I have two git repositories on different PCs. I have some local branches on every one of them. I don`t want to send this branches to remote server, just keep them local. How can I synchronize then without using a web? Can I just zip repository on one PC and move to another? Is that safe? Maybe I can export somehow newest changes from every branch?
The bonus is that is does have some of the characteristics of a bare repo: you can pull from it or clone it.
Start up by creating a repository on the USB stick.
Then register the repository on the USB stick as a remote repository, and push the desired branch to it (if you don't want to push master, substitute your desired branch).
In the future, you can treat the USB repository as any other remote repository. Just make sure it's mounted :) For instance, the following pushes new changes to the USB repository.
On the receiving end, mount the USB stick, and use a file URL for the repository
A few handy commands:
Direct copy of a repository to the other file system is an alternative to bare clone or to bundle. After copying you can set the copied repo up directly as a local remote - unintuitive as local remote may seem - to fetch and merge into the first repository.
I.e. to merge repo2 from a second computer into ~/repo1, first copy repo2 to the repo1 file system at ~/repo2 (memory stick, network copy, etc.) and then you can use the answer to Git pulling changes between two local repositories:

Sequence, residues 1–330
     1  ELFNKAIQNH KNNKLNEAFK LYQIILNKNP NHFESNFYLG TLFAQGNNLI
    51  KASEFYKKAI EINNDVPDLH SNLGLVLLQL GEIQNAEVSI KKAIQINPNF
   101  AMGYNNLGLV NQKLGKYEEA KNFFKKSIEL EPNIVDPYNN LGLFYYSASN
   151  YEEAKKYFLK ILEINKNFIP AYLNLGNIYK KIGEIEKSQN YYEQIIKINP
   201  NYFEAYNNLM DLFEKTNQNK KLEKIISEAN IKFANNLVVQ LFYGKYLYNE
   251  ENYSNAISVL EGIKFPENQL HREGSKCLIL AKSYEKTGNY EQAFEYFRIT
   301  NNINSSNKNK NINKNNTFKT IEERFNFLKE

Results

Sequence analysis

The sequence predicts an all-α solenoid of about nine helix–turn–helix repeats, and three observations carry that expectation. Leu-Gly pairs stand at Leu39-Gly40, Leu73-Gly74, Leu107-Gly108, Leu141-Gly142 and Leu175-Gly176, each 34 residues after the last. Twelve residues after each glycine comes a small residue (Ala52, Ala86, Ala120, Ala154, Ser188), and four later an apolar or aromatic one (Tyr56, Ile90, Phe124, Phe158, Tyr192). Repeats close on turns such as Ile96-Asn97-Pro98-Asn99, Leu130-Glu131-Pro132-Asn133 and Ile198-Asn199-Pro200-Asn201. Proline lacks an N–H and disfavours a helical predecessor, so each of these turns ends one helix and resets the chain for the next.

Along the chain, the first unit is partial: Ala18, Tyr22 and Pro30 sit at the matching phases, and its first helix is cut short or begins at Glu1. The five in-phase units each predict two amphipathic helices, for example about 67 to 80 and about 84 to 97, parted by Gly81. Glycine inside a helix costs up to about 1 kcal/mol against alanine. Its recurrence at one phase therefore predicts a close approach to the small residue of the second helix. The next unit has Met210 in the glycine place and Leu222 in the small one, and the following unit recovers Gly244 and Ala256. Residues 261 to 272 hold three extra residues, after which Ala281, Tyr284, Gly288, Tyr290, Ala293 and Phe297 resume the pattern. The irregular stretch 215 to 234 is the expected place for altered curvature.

This works because as the wikipedia article on git says: "A Git repository — data and metadata — is completely contained within its directory, so a normal system-level copy (or rename, or delete) of an entire Git repository is a safe operation. The resulting copy is both independent of and unaware of the original."
I'd just like to add a little twist to things. The information in other posts seems right, but I'd like to mention a few extra things I do in practice.
If I do
I get information like this
Basically I have defined several remotes with USB names rather than just one as suggested since the drive letter allocated to my USB device changes depending on the port I insert it into.
I then run a script with contents like this
The intention is to push all branches and all tags to the USB repository if it exists and where ever it is. (The -d flag is checking for existence of the git repository directory and conditional code only executes if the directory exists.)
The original question said: I have some local branches on every one of them. I don`t want to send this branches to remote server, just keep them local. How can I synchronize ...
The push -all and push --tags command do this synchronizing, making sure that all the branches and tags are pushed to the USB repository, even new ones that the USB repository was unaware of. There is no defaulting to master or needing to know the names of branches and handling them one by one.
I run this for backup purposes so I've only shown the push side of things, and reduced the number of projects and repositories. In reality I backup multiple projects to multiple locations, but it's only the repeated USB items that are relevant here.
Another thing that is rather obvious but that I have not seen mentioned, is that in order to sync PC A and PC B, you'd need to
Or viewed differently, go
so that ultimately the branches and tags are the same on the two machines.